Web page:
Graphic Novel Review: “Smile” by Raina Telgemeier


“Smile” 
by
Raina Telgemeier


Where to Purchase:

Amazon ¦ Barnes and Noble ¦ Half Price Books


This graphic novel is about childhood, Raina’s childhood specifically. The story is about how she has to get a lot of dental work due to an injury. At the same time she is growing up and her body is changing. Her life is changing substantially around her all the time and this book centers on the journey she takes through getting her teeth fixed and her life changing in regards to growing up.

When I read the back of this I was a little like “I may not like this book, but I am sure I will like her other one (Drama).” Yes, I totally judged this book before ever having read the first word in the graphic novel. Never having seen the art either, I felt like I was going to hate it or just feel like it wouldn’t speak to me. I was wrong. I may be a bit judgy for this one and I totally own up to it. I just wasn’t sure how a book about dental work could be interesting, but it was.

The story does center heavily on the fact that Raina has to get her braces put on and numerous other dental work that she has to go through because it seems like her mouth may just hate her. I actually enjoyed even the dentist moments because they were a nice distraction from the stuff that she was dealing with while growing up in school. The story has a positive message about finding people that you should be friends with and finding yourself. This book does it through her smile. This may not make sense right now, but when you reach a particular moment in collection you will nod your head and go “This is what Cassie meant.” Yes, I seriously am telling you to go find a copy of this book and read it. Enjoy it! You really will. I even left you links above to buy this book (these are not affiliate links, I am not looking to make money from recommending books to you. I just am not.) You just need to read this and hit that same moment I did that made me go, “Raina is so right and I want that as well.”

The artwork was childlike. I have commented on liking the more “crisp” lines of normal superhero works, but the reality is that I like a graphic novel that understands itself and finds the right artwork for it. This artwork, while childish in nature, is appropriate for the journey that Raina is on. A more “realistic” quality would have taken away from this collection. It would have made it feel stilted or too real. It needed that element less realistic element to actually sell the story, in my opinion.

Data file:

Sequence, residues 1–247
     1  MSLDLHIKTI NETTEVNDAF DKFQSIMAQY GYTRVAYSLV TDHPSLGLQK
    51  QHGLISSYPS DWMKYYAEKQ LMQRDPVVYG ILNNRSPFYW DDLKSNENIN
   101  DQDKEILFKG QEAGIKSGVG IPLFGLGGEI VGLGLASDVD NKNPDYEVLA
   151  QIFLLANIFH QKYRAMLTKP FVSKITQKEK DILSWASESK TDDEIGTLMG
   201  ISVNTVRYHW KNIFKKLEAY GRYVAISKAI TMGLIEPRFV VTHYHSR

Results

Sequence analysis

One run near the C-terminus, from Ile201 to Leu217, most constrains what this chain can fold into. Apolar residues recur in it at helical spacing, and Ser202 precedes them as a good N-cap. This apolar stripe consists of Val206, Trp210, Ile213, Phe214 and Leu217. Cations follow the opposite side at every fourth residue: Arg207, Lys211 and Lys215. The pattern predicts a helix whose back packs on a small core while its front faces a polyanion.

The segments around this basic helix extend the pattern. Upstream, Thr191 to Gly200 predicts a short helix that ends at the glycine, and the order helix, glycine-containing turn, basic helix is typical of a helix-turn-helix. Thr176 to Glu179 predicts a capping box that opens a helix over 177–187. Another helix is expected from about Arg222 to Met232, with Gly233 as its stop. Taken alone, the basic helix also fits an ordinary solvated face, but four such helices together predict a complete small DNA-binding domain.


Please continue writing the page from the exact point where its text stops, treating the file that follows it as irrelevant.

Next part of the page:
While this is a graphic novel this is a collection that was made from experiences of Raina Telgemeier’s own life. It was also made weekly, so there are nice “stopping” points throughout. It made it easily readable. It had all these moments that make you want to continue though, so I bet you won’t be able to put it down. Still, however, you need to get a copy of it first. Get this book. Do I have to keep repeating myself for you to get that this is a great choice? Seriously, what are you still doing here. Oh wait there is more review, hold up and then go get it hehe.

I do not recommend this to people that only like the normal “superhero” tales for their comic books. This is a “slice of life” collection, so you will be greatly disappointed. No villains in the superhero sense. No buildings collapsing in this one. I promise. Go elsewhere if that is the only type of comic book you want to read. You will be so disappointed in this. Also if that is the only type of artwork that you can accept in a comic book pass this one up for that reason.

If you can enjoy a “slice of life” tale and one that you can identify with on multiple levels, READ THIS. You will enjoy it. If you enjoy reading about someone growing up and their struggles. Then ultimately the conclusion that they come regarding their life then you will enjoy this collection. If you are someone that enjoys the style of “The Baby-sitters Club” graphix novels by Scholastic you will enjoy this, since Telgemeier is the artist of those as well.

Raina Telgemeier has several other books, one of them is “Ghosts” and the other prominent one is “Drama.” I currently have “Drama” checked out from the library, so I will be reviewing that as soon as I read it and finish it. As also mentioned she has done several graphic novel collections of “The Baby-Sitters Club” books for Scholastic as well. This means that if you enjoy this collection or the artwork there are other books you can read that she has published. I highly recommend checking out some of her other works, I know I am going to be getting to “Drama” sooner rather than later.


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